Submitted to: American Journal of Epidemiology
Publication Type: Peer Reviewed Journal
Publication Acceptance Date: May 25, 2005
Publication Date: August 24, 2005
Citation: Paul, D.R., Rhodes, D.G., Kramer, M.H., Baer, D.J., Rumpler, W.V. 2005. Validation of a food frequency questionnaire by direct measurement of habitual ad libitum food intake. American Journal of Epidemiology 162:1-9 Interpretive Summary: The Food Frequency Questionnaires (FFQ) is one method commonly used to assess habitual food intake. One limitation with them is the known measurement error that is commonly reported. In order to reduce measurement error, investigators apply correction factors based on total energy intake or expenditure. The problem with that approach is that the "true" habitual intake is generally not known, so the degree of measurement error and the effect of the correction is difficult to understand. In this study, we allowed 12 men to consume meals ad libitum for 16 weeks, then asked them to report what they ate based on the FFQ. As expected, there was significant measurement error. The application of correction factors did not improve the measurement in all cases. It appears as though the best way to correct FFQ data in this population is to use an individualized correction factor based on energy expenditure for carbohydrate and protein intake, and an individualized correction factor based on energy expenditure and body weight for fat intake. Scientists will benefit from this study because it will provide the basis for research focusing on correction factors that improve the interpretation of food intake data. Once the appropriate correction factors have been developed, nutritionists and the public will benefit from the improved data gleaned from FFQs.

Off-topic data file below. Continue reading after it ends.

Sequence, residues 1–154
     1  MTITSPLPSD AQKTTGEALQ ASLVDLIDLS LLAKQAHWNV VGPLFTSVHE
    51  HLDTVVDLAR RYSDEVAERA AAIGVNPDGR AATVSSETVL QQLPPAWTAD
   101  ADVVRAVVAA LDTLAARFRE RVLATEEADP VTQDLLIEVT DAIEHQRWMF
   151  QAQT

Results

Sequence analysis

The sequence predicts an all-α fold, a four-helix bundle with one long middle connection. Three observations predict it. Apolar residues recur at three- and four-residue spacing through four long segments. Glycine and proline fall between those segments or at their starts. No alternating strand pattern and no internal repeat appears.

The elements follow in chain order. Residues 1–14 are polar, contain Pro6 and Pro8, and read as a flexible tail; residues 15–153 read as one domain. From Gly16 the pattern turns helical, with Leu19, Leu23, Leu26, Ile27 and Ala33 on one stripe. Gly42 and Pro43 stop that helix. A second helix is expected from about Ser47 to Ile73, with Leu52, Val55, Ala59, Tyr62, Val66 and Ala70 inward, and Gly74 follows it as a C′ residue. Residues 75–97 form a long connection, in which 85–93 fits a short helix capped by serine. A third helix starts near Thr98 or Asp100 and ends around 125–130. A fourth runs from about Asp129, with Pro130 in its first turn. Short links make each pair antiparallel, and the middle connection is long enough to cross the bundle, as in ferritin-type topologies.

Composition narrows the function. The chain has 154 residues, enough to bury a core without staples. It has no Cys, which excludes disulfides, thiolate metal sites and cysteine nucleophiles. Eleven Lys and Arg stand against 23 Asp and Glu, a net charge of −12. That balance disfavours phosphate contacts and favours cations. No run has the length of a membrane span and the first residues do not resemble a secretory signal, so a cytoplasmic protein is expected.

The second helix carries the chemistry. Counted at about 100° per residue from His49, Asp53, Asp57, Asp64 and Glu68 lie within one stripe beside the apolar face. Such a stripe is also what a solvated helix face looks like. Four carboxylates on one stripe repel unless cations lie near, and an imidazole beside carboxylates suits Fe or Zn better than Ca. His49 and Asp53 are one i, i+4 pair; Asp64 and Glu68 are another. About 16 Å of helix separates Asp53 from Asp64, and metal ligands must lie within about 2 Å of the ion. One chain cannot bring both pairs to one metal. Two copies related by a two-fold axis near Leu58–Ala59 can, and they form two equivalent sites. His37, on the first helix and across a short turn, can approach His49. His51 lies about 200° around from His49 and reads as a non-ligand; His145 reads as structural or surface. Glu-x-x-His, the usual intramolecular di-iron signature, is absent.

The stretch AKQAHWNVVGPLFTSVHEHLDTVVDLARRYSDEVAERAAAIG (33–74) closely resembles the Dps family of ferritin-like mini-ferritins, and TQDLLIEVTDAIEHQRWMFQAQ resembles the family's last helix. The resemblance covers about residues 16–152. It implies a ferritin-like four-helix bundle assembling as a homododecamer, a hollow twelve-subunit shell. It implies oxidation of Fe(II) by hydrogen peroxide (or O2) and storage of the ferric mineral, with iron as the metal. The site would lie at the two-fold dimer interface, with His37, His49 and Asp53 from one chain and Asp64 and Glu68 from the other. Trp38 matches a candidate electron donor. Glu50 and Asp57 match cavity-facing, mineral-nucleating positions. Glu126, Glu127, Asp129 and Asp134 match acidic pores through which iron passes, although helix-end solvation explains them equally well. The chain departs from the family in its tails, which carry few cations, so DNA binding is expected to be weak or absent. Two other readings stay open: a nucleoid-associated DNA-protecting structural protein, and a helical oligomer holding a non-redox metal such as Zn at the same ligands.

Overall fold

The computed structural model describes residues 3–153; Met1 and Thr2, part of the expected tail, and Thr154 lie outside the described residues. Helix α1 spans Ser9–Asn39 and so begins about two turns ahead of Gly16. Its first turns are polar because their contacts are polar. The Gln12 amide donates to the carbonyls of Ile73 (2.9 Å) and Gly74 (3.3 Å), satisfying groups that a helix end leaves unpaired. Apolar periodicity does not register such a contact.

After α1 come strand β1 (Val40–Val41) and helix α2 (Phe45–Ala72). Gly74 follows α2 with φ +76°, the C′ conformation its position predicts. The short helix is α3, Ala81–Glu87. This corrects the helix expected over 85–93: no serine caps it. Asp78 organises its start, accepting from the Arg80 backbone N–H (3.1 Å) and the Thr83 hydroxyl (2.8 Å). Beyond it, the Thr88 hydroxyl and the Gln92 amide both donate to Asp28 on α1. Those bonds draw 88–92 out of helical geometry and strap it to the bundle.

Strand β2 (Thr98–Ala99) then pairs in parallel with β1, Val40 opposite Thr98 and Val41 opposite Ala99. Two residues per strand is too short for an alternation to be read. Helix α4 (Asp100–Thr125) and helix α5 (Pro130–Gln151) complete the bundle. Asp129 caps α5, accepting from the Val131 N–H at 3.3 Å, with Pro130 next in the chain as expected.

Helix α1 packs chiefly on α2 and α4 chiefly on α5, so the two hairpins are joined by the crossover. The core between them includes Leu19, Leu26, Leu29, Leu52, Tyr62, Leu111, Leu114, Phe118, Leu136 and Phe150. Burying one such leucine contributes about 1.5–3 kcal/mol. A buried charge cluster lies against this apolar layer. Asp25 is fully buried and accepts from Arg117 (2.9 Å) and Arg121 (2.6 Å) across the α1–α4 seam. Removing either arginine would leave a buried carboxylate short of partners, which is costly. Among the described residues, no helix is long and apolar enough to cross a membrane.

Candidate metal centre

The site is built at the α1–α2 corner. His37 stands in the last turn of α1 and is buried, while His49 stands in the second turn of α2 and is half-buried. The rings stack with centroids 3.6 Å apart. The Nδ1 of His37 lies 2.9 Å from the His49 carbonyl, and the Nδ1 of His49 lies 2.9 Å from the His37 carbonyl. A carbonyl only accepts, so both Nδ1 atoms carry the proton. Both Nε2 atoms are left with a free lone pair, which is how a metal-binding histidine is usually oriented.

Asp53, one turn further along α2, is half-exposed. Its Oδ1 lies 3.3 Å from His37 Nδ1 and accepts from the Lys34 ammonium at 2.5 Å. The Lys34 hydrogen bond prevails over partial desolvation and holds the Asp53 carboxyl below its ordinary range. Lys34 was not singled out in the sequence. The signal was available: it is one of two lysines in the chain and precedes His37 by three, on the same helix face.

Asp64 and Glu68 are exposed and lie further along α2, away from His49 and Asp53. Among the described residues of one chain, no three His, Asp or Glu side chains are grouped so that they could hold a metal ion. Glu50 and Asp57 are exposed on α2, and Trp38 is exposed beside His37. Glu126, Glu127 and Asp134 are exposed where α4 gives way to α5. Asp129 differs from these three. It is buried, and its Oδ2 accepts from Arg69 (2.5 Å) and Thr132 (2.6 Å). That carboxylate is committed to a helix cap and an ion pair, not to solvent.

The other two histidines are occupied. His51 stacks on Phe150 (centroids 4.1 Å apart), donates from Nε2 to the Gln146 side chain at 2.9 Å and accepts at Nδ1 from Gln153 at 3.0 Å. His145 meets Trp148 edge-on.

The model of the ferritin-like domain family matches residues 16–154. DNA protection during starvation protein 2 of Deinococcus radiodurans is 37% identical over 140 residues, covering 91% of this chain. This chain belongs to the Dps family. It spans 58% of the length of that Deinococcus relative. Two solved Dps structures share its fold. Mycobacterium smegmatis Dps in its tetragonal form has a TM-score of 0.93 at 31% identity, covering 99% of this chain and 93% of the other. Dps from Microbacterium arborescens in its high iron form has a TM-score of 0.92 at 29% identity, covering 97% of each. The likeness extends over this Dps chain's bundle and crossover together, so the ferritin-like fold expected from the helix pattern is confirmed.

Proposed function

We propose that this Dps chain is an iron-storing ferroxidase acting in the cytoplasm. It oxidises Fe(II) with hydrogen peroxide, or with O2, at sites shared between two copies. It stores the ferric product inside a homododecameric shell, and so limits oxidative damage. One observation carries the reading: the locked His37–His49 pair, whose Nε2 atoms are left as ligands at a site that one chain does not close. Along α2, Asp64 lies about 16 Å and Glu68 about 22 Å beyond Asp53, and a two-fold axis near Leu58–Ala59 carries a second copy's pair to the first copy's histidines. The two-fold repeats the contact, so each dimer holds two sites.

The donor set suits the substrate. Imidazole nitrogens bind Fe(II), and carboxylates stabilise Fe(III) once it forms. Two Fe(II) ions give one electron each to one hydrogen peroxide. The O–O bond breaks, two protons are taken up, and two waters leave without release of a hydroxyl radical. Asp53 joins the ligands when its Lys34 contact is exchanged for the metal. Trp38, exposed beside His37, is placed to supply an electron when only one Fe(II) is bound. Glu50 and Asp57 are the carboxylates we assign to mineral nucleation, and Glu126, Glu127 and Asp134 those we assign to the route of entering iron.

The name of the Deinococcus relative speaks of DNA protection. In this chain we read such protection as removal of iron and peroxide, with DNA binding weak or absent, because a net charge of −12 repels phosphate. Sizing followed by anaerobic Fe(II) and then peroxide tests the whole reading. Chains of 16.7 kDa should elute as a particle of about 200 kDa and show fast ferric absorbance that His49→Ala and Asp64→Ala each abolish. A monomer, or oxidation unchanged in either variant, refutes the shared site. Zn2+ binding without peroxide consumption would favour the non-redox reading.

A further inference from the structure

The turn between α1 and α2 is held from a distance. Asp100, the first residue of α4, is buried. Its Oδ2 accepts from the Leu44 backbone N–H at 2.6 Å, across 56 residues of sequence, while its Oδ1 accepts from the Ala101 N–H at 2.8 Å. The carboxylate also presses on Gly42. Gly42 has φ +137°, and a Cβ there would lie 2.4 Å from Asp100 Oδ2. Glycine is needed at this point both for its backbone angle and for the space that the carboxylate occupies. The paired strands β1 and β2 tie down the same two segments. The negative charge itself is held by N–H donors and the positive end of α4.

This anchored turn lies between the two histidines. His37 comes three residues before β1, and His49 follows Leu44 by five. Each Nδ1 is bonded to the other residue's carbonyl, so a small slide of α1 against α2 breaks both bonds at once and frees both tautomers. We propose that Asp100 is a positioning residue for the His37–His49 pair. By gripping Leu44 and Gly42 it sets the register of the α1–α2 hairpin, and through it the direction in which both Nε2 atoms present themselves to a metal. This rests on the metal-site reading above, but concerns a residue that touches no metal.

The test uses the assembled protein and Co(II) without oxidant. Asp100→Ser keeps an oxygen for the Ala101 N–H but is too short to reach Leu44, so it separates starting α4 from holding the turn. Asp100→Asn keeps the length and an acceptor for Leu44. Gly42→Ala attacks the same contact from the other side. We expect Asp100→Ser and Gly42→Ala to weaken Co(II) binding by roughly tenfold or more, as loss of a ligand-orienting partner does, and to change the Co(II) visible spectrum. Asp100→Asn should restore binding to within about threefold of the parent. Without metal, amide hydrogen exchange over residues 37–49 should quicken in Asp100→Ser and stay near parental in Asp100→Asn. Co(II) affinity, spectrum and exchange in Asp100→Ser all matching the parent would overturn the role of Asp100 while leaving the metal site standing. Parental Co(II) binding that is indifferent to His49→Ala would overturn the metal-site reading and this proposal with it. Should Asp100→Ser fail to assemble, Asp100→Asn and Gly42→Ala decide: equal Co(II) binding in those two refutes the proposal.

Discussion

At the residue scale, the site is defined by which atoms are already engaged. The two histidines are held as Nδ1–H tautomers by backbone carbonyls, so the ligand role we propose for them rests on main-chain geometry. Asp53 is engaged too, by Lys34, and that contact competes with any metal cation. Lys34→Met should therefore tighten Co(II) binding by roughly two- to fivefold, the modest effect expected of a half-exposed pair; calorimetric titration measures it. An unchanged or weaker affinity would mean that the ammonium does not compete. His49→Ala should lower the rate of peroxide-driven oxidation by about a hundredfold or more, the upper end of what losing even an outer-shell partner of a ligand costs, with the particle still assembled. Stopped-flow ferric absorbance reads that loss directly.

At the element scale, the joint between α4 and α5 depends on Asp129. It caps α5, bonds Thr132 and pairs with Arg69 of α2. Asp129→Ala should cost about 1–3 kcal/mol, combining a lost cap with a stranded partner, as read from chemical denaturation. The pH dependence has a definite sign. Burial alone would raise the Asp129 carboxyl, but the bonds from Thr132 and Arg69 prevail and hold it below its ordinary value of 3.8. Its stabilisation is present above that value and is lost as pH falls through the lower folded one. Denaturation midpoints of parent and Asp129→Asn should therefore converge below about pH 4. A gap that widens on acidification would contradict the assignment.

Technical Abstract: Background: Food Frequency Questionnaires (FFQ) are a common technique used to assess habitual food intake. Although FFQs are thought to be susceptible to measurement error, the amount of error and the effectiveness of correction factors are unknown. Objective: To detect measurement error in FFQ predicted macronutrient intakes, and quantify the effectiveness of correction factors based on energy expenditure and/or body weight. Design: Twelve men consumed an ad libitum, cafeteria-style diet for 16 weeks. At the end of the study period, subjects reported their food intakes with a FFQ (Block 98). Subjects were also dosed with doubly labeled water (DLW) and maintained physical activity logs (PA). Results: Absolute and relative macronutrient intakes were not well predicted by the FFQ. Although not statistically significant, the application of single, group mean correction factors (for DLW or PA) tended to reduce the variance in carbohydrate intake and increase the variance in fat and protein intakes (all P > 0.05). The application of individual subject corrections reduced the variance for carbohydrate and protein intakes (P < 0.05). The only procedure that significantly reduced the variance in fat intake was the combination of body weight and DLW (P < 0.05). Conclusions: Although the results of this study may only be applicable this relatively small and heterogeneous group of subjects, absolute and relative macronutrient intakes were not well predicted by the FFQ. However, the application of different correction factors based on energy expenditure and/or body weight tend to reduce measurement error.